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There are several approaches to break substitution ciphers, each of them having advantages and disadvantages over one another. Substitution ciphers represent the basic building blocks of more complex and more secure ciphers that are used today. Hence understanding the vulnerability of simple ciphers is important in using and building more complex ciphers.
Different techniques were explored to find the key of the cipher and thereby decrypting the entire cipher text. Several possible methods to break a substitution cipher were explored which include exhaustive search, simulated annealing, frequency analysis, genetic algorithm, particle swarm optimization, tabu search and relaxation algorithm.
The exhaustive search method is the simplest out of all algorithms used to break substitution ciphers. This technique is possible when the cryptographic systems have finite key space and allowing for all possible key combinations to be checked until the correct one is found. This method could be an acceptable technique for breaking a mono alphabetic shift cipher.
The first attempt using the exhaustive search is not the best choice, since it is time consuming, but it decrypts the text with 100% accuracy.
Brute force method is a way of trying to break simple substitution ciphers, but the number of possible keys that need to be checked is large. Thus, practically, it may be impossible to do an exhaustive search with in a reasonable amount of time. To overcome this, new algorithms have been developed for faster breaking of the cipher.
Another method to crack substitution ciphers faster than the exhaustive search is the frequency analysis method. This is the "classic" method of decrypting substitution cipher text. The frequency analysis is based on the assumption that each letter in the plain text can always be substituted by another letter of the original ciphered text. Frequency analysis is the process of determining at what frequency each symbol of the encrypted text occurs within the cipher text. This information will be used along with the knowledge of frequencies of symbols within the language used in the cipher to help determine which cipher text symbol maps to the corresponding plaintext symbol.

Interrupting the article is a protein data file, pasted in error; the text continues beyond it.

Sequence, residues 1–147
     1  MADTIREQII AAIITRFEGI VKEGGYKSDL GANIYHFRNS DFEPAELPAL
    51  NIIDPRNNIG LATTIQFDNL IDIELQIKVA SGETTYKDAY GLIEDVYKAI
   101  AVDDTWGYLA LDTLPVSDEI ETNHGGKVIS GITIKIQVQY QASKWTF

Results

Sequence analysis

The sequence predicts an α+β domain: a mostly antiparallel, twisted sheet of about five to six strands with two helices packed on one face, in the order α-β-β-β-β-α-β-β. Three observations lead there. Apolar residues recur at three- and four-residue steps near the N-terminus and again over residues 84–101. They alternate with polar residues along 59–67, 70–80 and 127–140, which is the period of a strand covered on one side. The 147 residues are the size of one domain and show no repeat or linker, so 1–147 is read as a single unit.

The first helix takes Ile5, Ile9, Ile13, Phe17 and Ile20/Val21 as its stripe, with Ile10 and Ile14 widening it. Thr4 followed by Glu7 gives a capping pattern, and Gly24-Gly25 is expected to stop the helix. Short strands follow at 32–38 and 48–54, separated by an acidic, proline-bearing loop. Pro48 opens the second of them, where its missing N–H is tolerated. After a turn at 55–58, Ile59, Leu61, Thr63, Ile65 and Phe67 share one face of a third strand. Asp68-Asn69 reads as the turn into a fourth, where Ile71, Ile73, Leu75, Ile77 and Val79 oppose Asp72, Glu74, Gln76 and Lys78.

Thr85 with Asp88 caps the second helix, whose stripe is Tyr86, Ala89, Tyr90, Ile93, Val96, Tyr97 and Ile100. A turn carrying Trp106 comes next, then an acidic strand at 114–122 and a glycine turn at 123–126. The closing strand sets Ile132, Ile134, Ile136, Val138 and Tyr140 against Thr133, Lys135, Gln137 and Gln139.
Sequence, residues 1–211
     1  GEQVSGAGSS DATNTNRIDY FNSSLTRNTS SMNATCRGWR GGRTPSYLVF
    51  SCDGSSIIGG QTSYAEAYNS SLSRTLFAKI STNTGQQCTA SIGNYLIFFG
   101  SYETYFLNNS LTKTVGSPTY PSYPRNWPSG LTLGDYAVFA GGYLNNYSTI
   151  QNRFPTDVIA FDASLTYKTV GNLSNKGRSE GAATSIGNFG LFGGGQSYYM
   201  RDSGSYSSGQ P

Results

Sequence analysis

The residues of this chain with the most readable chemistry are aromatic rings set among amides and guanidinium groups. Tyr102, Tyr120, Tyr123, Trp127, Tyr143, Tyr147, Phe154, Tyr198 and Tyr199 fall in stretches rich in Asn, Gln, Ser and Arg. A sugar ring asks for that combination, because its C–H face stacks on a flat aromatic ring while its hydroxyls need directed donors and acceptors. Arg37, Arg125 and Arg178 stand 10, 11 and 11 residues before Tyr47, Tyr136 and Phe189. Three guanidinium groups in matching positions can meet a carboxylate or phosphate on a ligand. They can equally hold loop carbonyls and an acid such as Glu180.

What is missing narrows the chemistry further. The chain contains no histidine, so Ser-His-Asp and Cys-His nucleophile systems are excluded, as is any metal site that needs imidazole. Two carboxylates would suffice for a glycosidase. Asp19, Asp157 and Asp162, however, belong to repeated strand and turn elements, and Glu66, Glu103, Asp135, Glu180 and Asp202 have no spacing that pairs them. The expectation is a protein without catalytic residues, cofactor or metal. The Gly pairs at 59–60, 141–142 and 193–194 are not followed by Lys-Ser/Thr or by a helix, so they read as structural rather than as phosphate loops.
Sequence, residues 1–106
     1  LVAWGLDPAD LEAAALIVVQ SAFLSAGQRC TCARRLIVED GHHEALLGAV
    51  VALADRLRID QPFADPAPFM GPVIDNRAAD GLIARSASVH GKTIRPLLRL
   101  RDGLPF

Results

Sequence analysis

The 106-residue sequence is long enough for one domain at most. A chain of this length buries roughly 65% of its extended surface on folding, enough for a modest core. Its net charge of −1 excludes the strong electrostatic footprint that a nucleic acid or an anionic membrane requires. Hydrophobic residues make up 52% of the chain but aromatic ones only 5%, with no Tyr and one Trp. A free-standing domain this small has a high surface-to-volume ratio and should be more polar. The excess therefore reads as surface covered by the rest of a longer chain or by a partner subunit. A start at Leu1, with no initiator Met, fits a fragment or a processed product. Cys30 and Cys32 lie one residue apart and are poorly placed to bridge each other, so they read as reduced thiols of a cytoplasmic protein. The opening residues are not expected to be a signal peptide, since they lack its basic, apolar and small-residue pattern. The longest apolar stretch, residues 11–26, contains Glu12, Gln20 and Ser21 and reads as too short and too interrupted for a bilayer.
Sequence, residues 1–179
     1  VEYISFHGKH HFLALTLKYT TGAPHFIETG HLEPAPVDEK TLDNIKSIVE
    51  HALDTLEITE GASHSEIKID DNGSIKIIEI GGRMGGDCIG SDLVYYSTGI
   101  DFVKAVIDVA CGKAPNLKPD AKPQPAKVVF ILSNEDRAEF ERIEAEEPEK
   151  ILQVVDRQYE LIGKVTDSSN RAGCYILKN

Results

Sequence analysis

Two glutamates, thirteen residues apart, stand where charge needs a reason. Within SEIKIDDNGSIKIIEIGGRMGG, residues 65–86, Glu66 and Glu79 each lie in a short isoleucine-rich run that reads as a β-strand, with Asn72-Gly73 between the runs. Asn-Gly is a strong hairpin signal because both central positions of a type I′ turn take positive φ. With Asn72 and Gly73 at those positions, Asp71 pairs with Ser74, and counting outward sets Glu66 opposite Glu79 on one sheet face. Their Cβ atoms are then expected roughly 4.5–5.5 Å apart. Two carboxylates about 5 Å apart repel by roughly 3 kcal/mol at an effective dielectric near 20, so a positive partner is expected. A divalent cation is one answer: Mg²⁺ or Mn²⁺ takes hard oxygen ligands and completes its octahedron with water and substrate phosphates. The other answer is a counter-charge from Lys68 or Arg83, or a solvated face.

The frequency analysis algorithm is the fast approach to decipher text. But, it requires the knowledge of the language statistics of the original
text. The disadvantage is that it relies on constant human interaction for
determining the next move in the process.
Automated attack algorithms were developed for which human intervention is not necessary. These methods will be finished either after a predetermined number of iterations or after a message has been successfully decrypted. One such automated attack algorithms is the genetic algorithm which is widely used for cracking substitution ciphers.
Like other heuristic algorithms, the genetic algorithm will not always produce the exact result. They give solutions which are nearest to the correct one. In case of deciphering, after using the "best" key produced by genetic algorithm, most of the time, it is easy for a human to read the "decrypted" text. Then make small changes to reproduce the correct plain text. The experiments performed using the genetic algorithm method suggested that a fitness of about 0.9 is enough to determine the vowel substitutions and consonant substitutions after which the visual examination by a human can be used to decrypt the entire text.
Simulated annealing is another technique that is similar to the genetic algorithm which is used to break substitution ciphers. The main difference is that the genetic algorithm has a pool of possible keys at each moment, while the simulated annealing keeps one value at a time. When combined with a few other simplifications, simulated annealing makes the approach much simpler than the genetic algorithm.